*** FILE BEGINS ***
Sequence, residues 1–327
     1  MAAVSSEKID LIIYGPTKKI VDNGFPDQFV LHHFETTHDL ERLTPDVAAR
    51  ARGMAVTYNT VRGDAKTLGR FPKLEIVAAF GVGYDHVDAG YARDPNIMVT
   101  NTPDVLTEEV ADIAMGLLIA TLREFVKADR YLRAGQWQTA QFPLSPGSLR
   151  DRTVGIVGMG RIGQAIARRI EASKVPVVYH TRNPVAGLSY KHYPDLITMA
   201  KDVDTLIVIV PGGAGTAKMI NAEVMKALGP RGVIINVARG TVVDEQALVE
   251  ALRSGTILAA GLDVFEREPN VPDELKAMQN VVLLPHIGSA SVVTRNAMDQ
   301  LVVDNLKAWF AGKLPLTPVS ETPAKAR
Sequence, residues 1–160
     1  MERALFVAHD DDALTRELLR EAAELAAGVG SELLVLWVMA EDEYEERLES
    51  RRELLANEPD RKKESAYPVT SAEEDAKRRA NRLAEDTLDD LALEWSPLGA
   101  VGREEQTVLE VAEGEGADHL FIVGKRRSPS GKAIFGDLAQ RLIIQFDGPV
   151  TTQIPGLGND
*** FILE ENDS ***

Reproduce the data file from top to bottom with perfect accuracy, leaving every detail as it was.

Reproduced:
Sequence, residues 1–327
     1  MAAVSSEKID LIIYGPTKKI VDNGFPDQFV LHHFETTHDL ERLTPDVAAR
    51  ARGMAVTYNT VRGDAKTLGR FPKLEIVAAF GVGYDHVDAG YARDPNIMVT
   101  NTPDVLTEEV ADIAMGLLIA TLREFVKADR YLRAGQWQTA QFPLSPGSLR
   151  DRTVGIVGMG RIGQAIARRI EASKVPVVYH TRNPVAGLSY KHYPDLITMA
   201  KDVDTLIVIV PGGAGTAKMI NAEVMKALGP RGVIINVARG TVVDEQALVE
   251  ALRSGTILAA GLDVFEREPN VPDELKAMQN VVLLPHIGSA SVVTRNAMDQ
   301  LVVDNLKAWF AGKLPLTPVS ETPAKAR
Sequence, residues 1–160
     1  MERALFVAHD DDALTRELLR EAAELAAGVG SELLVLWVMA EDEYEERLES
    51  RRELLANEPD RKKESAYPVT SAEEDAKRRA NRLAEDTLDD LALEWSPLGA
   101  VGREEQTVLE VAEGEGADHL FIVGKRRSPS GKAIFGDLAQ RLIIQFDGPV
   151  TTQIPGLGND